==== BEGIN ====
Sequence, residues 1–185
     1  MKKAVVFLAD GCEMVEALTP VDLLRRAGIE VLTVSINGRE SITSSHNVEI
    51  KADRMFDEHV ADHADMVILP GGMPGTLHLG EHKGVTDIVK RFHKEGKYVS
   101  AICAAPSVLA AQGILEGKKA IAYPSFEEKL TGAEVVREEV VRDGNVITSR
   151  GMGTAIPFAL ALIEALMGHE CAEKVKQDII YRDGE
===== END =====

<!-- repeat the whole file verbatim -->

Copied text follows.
Sequence, residues 1–185
     1  MKKAVVFLAD GCEMVEALTP VDLLRRAGIE VLTVSINGRE SITSSHNVEI
    51  KADRMFDEHV ADHADMVILP GGMPGTLHLG EHKGVTDIVK RFHKEGKYVS
   101  AICAAPSVLA AQGILEGKKA IAYPSFEEKL TGAEVVREEV VRDGNVITSR
   151  GMGTAIPFAL ALIEALMGHE CAEKVKQDII YRDGE